Illuminated Books of the Middle Ages and Renaissance: An Exhibition Held at the Baltimore Museum of Art, January 27-March 13

By Walters Art Gallery | Go to book overview

NOTE TO THE GENERAL VISITOR

Generally speaking, books do not lend themselves ideally to public exhibition, for their mission is a personal one. They are designed by their very nature and physical construction to address the reader privately and as his mood dictates. Even in this present day of mechanical production and vast editions and of large public libraries, this is still the great charm, the unfailing solace, the real power of the book. It is for this reason, too, that the possession of fine books, the collection of rare volumes, is by far the most absorbing and the most passionate of all forms of collecting. The delight of the book collector in his treasures, his shameless boasting as he shows them to his colleagues, his unending personal joy, not only in poring over text and picture, but just in turning the pages, stroking the bindings, weighing the volumes in his hand--these obsessions have been extolled or ridiculed--as the case may be-- ever since the days of Seneca and Lucian.

This exhibition is an attempt to share with the general public some of the rarest delights that have ever come to book-lovers. It is true that for such a display a few of the pleasures must be sacrificed. Even books that have been in daily use for a thousand years would deteriorate rapidly under the appreciative but uninformed thumbing of a crowd. So the visitor must be content to imagine the soft touch of the vellum, ranging from velvety suede to silken smoothness. He must imagine the endless diversity as the leaves are turned: in the earliest manuscripts, the succession of majestic pages of superb script lit here and there with gold--or sometimes even written entirely in the burnished metal, the great ornamental pages which initiate the text with monagrammized words of the most inconceivable intricacy and ingenuity, the illustrations monumental enough in concept to be the designs for frescos. In the gothic manuscripts he would find an intricacy of another kind. In addition to the gracious illustration of the main story, he would discover a thousand whimsical diversions, unconnected with the text, and addressed to himself alone--fantastic line-endings, monsters and grotesques, humorous figures playing in the margins, a world-full of incidents: children at their games, women at their work, nobles at their pleasures. So abundant would be the decorations that they could not be seen all at once. Each day when the book was handled some new surprise would be discovered--and there would be enough to last for years--a lifetime of refreshing pleasure in a single book. The renaissance volumes he would find more sober. As he turned the pages they would present to his eye the clarity and balance and serenity which befitted the book-room of an intellectual. In these days libraries were bigger and books easier to come by than in the Middle Ages. Each volume was expected to yield its pleasures only sporadically. And so, despite the individual beauty of their vellum and illumination and calligraphy, the general nature of these renaissance books is closer to the character of fine books of today.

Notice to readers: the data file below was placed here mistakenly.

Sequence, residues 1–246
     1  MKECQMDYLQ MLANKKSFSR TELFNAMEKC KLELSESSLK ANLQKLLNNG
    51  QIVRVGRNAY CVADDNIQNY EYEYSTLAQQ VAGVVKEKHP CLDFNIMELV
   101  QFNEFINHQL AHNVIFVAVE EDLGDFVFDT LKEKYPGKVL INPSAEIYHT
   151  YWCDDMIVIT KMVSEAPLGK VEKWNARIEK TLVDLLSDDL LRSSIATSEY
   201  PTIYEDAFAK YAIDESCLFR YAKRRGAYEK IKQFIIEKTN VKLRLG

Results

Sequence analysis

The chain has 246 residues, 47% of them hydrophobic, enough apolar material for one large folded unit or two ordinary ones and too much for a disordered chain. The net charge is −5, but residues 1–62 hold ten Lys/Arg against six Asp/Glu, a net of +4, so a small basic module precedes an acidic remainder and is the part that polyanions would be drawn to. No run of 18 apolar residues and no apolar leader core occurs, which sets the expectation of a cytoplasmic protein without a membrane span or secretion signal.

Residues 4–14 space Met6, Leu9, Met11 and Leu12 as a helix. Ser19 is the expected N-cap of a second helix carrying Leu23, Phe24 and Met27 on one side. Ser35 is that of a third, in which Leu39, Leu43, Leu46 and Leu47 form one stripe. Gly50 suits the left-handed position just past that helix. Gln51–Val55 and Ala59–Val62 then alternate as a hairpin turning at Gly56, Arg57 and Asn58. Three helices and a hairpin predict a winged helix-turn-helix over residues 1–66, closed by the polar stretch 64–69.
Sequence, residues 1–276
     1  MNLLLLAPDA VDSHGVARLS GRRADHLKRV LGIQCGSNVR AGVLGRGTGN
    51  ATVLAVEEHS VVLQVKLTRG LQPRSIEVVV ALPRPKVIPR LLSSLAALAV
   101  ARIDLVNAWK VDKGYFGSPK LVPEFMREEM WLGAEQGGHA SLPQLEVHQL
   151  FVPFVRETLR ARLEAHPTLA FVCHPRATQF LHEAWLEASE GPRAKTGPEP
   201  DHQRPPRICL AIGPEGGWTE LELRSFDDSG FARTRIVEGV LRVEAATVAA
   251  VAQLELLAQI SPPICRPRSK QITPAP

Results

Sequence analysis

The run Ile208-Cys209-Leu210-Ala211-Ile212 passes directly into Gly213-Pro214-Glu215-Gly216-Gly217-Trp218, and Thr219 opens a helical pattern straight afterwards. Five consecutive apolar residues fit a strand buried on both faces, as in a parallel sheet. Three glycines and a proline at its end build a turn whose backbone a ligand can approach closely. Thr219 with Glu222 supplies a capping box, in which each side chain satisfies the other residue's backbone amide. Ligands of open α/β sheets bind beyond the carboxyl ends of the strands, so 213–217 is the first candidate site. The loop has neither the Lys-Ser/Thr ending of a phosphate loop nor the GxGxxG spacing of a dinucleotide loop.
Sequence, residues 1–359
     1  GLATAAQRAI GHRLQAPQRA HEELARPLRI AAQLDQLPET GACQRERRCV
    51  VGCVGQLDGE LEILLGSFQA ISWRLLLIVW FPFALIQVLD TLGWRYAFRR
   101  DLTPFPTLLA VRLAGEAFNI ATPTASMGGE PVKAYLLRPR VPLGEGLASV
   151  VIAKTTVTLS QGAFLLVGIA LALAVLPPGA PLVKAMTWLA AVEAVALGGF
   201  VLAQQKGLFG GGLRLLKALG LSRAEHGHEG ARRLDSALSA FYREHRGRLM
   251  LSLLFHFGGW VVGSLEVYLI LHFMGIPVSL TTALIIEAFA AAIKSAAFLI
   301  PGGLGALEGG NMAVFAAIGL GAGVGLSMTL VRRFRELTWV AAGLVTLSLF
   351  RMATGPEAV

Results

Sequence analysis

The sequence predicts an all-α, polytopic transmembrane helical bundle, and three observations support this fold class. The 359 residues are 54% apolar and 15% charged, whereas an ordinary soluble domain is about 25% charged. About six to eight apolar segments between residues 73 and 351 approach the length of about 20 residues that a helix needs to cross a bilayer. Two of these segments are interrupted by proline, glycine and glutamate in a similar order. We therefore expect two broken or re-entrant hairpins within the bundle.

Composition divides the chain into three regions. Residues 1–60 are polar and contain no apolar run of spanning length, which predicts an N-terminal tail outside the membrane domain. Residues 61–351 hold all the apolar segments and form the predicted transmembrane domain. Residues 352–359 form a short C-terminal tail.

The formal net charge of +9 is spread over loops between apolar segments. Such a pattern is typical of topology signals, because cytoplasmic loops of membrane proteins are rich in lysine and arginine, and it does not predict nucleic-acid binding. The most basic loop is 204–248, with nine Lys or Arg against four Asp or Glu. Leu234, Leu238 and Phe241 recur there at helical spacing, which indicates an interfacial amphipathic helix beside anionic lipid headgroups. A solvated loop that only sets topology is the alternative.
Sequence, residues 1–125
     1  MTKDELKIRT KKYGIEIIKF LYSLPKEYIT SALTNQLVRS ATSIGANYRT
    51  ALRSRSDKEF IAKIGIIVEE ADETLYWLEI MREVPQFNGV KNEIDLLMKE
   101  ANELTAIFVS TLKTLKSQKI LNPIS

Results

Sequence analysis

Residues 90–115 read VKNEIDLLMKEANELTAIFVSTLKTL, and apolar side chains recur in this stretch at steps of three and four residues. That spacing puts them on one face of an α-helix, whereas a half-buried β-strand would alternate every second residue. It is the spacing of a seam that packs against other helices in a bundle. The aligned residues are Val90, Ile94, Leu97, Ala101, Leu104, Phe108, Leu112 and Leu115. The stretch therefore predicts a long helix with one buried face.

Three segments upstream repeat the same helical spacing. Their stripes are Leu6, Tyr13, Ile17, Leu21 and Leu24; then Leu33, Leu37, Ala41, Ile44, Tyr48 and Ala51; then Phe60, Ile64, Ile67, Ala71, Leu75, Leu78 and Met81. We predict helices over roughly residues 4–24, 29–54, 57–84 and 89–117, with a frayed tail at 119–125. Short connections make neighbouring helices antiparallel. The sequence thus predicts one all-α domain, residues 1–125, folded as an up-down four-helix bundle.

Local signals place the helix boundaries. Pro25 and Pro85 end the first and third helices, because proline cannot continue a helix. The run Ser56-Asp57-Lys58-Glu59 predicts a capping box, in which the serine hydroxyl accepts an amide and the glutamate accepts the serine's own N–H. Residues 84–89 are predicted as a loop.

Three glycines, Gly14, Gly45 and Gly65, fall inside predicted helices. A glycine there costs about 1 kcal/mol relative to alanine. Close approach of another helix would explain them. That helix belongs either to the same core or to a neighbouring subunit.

Thus, with the help of his imagination, the visitor will realize that the pages displayed are but a pause in the fluttering of storied leaves. He will remember that these same leaves have been turned by generation after generation of book collectors, of ladies at their diversion, of scholars at their studies, of monks at their devotions. And before anyone of these touched hand to the pages, they were spread out as flat sheets of softly dressed vellum on the work tables of the monastery atelier, or, for the later ones, in the studio of some duly enrolled members of the Guild of St. Luke, patron of artists. And there the painstaking labor upon the book began: the careful ruling off of the leaves to guide the writing and to preserve a regular format throughout; the copying out of the text in a fine, even hand, by men who spent their lives forming fair letters; the insertion of the rubrics and the ornamental initial letters; the

-xi-

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Illuminated Books of the Middle Ages and Renaissance: An Exhibition Held at the Baltimore Museum of Art, January 27-March 13
Table of contents

Table of contents

  • Addenda and Corrigenda to the Catalogue ii
  • Title Page iii
  • List of Lenders v
  • Foreword vii
  • Note to the General Visitor xi
  • Catalogue 1
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